●   The New York Times reports on a Chinatown “aura” business, with skeptical perspective from CFI’s Joe Nickell. Joe also tries to lend some sense to a report about cats who can predict death at The Epoch Times, and expresses his disappointment to the Detroit Free Press over “haunted tours” of a nineteenth-century Royal Oak house.

●   CFI–Fort Lauderdale‘s Jeanette Medea is featured in a Sun-Sentinel article about an interfaith panel discussion on spirituality.

●   Alan Caruba at the right-wing Canada Free Press looks askance at Ryan Cragun’s Free Inquiry piece in which he covers the “evils” of the Santa Claus myth.

 

Highlights from CFI on the Web


Apollo_17_Image_Of_Earth_From_Space.jpeg

●   The Fellows of CFI’s Committee for Skeptical Inquiry jointly release a statement to media asking that the word “skeptic” stop being used to describe climate change deniers.   

●   In Free Inquiry, CFI’s board chair Edward Tabash reviews Sam Harris’s nonreligious spirituality book Waking Up, and finds Harris’s arguments wanting, writing, “The ability to sit still for long periods of time does not, in and of itself, empirically validate any claim about what ultimate experiences mediation can yield.” 

●   CFI’s director of international programs, Bill Cooke, considers the debate as to whether the Islamic State constitutes “true Islam,” writing, “Western leaders need to take care not to alienate Muslim communities within their own borders. But if politicians have good reasons to say these things, that doesn’t mean they’re true.”

●   Guerilla Wikipedian Susan Gerbic reports back from this past summer’s Skeptic’s Toolbox, writing, “Some days it might appear that critical thinkers are outnumbered in the real world, but we know our best asset is our people.” 

●   Video of former pastor and “atheist-for-a-year” Ryan Bell’s presentation to CFI–Los Angeles is now online.

●   Penny Higgins at Skeptical Inquirer argues that the creature you’re consuming at Thanksgiving really could be considered a dinosaur.

●   At the Course of Reason blog, we highlight the Furman University Society of Free Inquiry as our affiliate of the week.

●   At Skeptical Inquirer, Joe Nickell goes searching for Bigfoot near Mount Rainier, or maybe “sub-Rainierian” creatures. He also makes short work of yet another claim that Van Gogh was murdered.

●   Ben Radford reviews the research on “alien” crop circles (“the only known and proven cause of crop circles is humans”) and also explains what’s up with frogs falling from the sky.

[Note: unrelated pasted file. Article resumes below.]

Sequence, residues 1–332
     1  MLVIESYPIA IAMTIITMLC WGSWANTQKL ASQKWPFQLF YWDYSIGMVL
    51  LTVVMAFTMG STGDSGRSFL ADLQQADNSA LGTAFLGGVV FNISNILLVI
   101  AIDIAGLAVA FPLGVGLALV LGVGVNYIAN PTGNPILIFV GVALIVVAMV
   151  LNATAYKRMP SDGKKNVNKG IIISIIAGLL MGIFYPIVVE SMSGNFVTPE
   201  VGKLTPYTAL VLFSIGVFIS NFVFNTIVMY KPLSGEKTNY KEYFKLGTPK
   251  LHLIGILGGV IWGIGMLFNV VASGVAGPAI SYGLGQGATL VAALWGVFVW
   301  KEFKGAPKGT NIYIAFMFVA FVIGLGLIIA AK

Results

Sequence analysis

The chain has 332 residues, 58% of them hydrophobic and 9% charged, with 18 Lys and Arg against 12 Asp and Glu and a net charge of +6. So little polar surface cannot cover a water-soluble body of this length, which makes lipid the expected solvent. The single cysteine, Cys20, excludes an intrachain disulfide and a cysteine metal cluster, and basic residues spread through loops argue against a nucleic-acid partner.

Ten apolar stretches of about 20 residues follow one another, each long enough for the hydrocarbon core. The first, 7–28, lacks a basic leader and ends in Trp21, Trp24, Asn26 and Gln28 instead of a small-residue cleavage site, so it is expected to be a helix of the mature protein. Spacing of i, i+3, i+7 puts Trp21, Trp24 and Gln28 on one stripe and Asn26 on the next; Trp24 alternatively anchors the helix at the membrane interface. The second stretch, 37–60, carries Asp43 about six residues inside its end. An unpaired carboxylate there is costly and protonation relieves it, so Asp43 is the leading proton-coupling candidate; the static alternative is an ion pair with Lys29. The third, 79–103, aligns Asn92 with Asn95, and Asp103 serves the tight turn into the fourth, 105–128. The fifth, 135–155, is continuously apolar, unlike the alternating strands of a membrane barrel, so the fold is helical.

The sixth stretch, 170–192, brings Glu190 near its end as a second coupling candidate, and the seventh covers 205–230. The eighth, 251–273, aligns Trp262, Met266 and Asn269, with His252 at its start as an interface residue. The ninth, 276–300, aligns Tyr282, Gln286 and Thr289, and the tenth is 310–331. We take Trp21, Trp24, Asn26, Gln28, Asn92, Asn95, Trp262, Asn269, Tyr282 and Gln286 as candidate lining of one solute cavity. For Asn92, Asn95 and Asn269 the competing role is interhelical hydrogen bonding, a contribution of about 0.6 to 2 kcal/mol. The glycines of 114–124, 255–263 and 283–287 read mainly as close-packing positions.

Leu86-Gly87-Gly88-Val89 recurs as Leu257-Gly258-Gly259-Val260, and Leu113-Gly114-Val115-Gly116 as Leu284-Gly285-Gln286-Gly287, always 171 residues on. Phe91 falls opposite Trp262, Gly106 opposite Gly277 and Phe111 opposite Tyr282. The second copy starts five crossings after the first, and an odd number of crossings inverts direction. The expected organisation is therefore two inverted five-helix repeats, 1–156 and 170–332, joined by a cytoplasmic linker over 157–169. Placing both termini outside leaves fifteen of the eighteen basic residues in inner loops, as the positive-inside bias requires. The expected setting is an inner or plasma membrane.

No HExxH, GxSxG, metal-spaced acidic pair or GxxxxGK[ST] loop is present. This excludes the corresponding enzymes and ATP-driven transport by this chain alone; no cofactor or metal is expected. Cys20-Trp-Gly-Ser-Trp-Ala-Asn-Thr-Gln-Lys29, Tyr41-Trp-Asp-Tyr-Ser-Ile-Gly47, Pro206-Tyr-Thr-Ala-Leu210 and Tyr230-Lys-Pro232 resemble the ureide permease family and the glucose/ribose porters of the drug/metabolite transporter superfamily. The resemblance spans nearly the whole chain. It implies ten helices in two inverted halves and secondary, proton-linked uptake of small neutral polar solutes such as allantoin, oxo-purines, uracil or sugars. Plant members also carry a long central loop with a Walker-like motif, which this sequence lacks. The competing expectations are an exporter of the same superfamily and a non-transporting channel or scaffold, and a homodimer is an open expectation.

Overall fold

And of course, you can keep up with news relevant to skeptics and seculars every weekday with The Morning Heresy.


Upcoming CFI Events


December 7:

●   Environmental advocate Paul Scott, cofounder of Plug In America, will discuss the need for electric vehicles at CFI–Los Angeles.

December 10:

●   CFI Public Policy Director Michael De Dora, in his capacity as president of the UN NGO Committee on Freedom of Religion or Belief, will moderate a panel discussion on the economic benefits of religious freedom at the Bahá’í International Community United Nations Office in New York City.

●   CFI–Michigan hosts a Solstice Dinner in Grand Rapids.

December 11:

●   Another Solstice Dinner for CFI–Michigan, this time in Madison Heights.

December 13:

●   CFI–Austin holds a holiday Saturnalia Celebration.

●   CFI–Michigan holds a service day, helping out at the Kids Food Basket in Grand Rapids.

December 14:

●   CFI’s president and CEO, Ronald A. Lindsay, discusses his new book The Necessity of Secularism: Why God Can’t Tell Us What to Do at CFI-DC.

December 17:

●   Council for Secular Humanism Director Tom Flynn delivers his popular “The Trouble with Christmas” presentation at CFI headquarters in Amherst, New York.

December 21:

●   CFI–Los Angeles holds its Solstice Potluck Party and Raffle Fundraiser.

 

Thank you!


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Cause & Effect: The Center for Inquiry Newsletter is edited by Paul Fidalgo, Center for Inquiry communications director.

The Center for Inquiry (CFI) is a nonprofit educational, advocacy, and research organization headquartered in Amherst, New York, with executive offices in Washington, D.C. It is also home to both the Committee for Skeptical Inquiry and the Council for Secular Humanism. The mission of CFI is to foster a secular society based on science, reason, freedom of inquiry, and humanist values. CFI’s web address is www.centerforinquiry.net.